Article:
A paper published online today in Nature reveals that glia play a key role in preventing the progression of the most prominent Rett Syndrome symptoms displayed by mouse models of the disease: lethality, irregular breathing and apneas, hypoactivity and decreased dendritic complexity. The discovery, funded in part by the Rett Syndrome Research Trust (RSRT) was led by Gail Mandel, Ph.D., an investigator of the Howard Hughes Medical Institute at Oregon Health and Science University.
Rett Syndrome, the most physically disabling of the autism spectrum disorders, is caused by mutations in the methyl CpG-binding protein (MeCP2). Rett Syndrome strikes little girls almost exclusively, with first symptoms usually appearing before the age of 18 months. These children lose speech, motor control and functional hand use, and many suffer from seizures, orthopedic and severe digestive problems, breathing and other autonomic impairments. Most live into adulthood, and require total, round- the- clock care. There are several mouse models for RTT in which MeCP2 has been deleted: these mice accurately recapitulate many of the human symptoms.
In a seminal 2007 Science paper, Adrian Bird and colleagues from the University of Edinburgh showed that global re-expression of MeCP2 in mouse models dramatically reversed Rett symptoms, even in very late-stage disease. This led to the idea that the damage to neurons in RTT was reversible.
In 2009, Mandel and collaborator Nurit Ballas (Stony Brook University) showed that the MeCP2 protein was present in all types of glia. Glial cells are comprised of astrocytes, oligodendrocytes and microglia. Glia support and interact with neurons in innumerable ways, from providing the structural underpinnings and guidance of axons and dendrites (the neuronal processes that carry information), to creating protective insulation for axons, to providing energy substrates necessary for neuronal function. Until the reports of MeCP2's presence in glia, Rett Syndrome was thought to be caused exclusively by MeCP2 deficiencies in neurons.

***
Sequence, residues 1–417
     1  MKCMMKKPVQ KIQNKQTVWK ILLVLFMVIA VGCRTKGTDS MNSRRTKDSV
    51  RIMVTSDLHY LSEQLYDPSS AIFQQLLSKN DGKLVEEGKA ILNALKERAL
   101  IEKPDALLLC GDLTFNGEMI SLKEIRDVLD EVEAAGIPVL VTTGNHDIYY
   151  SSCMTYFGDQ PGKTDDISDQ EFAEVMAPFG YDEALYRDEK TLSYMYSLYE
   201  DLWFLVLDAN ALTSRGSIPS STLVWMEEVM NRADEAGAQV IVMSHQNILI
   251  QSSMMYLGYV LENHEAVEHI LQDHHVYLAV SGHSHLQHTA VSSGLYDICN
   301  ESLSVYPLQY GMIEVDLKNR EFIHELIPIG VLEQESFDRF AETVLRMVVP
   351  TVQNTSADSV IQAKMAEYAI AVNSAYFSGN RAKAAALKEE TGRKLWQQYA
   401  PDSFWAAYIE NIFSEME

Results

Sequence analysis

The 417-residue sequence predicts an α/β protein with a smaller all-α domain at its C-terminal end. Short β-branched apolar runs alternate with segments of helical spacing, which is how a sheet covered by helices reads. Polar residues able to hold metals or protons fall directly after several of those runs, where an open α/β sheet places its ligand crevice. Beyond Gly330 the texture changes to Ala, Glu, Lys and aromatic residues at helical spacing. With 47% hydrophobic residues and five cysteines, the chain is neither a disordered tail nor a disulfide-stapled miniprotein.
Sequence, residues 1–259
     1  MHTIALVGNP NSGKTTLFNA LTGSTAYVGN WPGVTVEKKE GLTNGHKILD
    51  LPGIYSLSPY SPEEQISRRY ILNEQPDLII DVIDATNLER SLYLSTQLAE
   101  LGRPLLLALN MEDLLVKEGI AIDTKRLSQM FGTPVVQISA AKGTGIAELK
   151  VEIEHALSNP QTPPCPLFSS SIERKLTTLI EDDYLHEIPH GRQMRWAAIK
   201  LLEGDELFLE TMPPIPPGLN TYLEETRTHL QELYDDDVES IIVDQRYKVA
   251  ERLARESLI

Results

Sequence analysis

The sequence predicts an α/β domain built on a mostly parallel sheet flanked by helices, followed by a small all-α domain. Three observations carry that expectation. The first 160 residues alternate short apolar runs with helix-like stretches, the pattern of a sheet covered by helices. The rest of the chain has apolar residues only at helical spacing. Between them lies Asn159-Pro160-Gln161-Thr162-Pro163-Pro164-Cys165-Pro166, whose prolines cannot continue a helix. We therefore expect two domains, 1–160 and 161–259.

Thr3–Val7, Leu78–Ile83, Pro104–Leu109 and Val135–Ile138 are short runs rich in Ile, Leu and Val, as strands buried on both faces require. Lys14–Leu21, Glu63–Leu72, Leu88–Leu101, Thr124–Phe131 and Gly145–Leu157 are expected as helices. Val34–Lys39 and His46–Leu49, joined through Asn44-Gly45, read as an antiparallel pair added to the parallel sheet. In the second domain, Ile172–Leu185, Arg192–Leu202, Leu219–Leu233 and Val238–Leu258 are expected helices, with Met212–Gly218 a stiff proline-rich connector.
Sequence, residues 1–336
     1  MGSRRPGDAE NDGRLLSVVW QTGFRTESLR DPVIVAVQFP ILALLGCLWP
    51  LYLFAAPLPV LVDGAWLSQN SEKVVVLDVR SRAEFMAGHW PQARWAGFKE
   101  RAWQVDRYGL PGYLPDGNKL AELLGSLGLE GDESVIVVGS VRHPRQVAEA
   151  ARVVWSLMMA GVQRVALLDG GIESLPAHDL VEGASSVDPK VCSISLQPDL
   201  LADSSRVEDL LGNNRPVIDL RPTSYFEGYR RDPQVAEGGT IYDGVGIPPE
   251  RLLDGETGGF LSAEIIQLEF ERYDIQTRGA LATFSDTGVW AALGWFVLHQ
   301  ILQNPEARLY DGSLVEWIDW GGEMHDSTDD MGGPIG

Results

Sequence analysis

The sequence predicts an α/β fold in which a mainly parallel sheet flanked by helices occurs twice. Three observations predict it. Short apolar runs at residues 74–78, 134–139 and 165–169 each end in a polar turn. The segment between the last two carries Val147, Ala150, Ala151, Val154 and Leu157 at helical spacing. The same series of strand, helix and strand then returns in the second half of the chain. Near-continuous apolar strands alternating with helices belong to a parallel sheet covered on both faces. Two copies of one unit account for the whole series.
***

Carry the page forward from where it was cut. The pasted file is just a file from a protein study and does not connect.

Mandel and Ballas and colleagues now show that in a mouse model of Rett Syndrome, re-expression of MeCP2 solely in astrocytes, in male mice at 4 weeks of age and in female mice between the ages of 5 to 7 months, rescues the lifespan, breathing, anxiety, and locomotor activities associated with the global knockout mice.
Mandel states: "The RTT plot now thickens-we need to think about contributions from multiple cell types to this disease. The idea that neurons and glia might serve different roles in Rett Syndrome, in initiation and progression of symptoms, is reminiscent of the situation in another neurological disorder, an inherited form of ALS. Thus, a role for glia may turn out to be a more common theme in many neurological diseases. It will be important to determine if other glial types play roles in RTT, and to further investigate how normal neurons and astrocytes interact, a currently active but controversial area".
First author Daniel Lioy (Howard Hughes Medical Institute, OHSU) comments, "Future studies will focus on trying to identify the key molecules in astrocytes that might mediate the rescue. These molecules may provide new avenues for targeted pharmacological intervention for Rett."
"This new and unexpected result by the Mandel lab reveals important clues regarding the function of MeCP2 and how its absence causes devastation. The Rett Syndrome Research Trust will continue to support high-level exploration with the conviction that understanding how this protein works will open new doors to treatment approaches," said Monica Coenraads, Executive Director of RSRT and mother to a daughter with Rett Syndrome.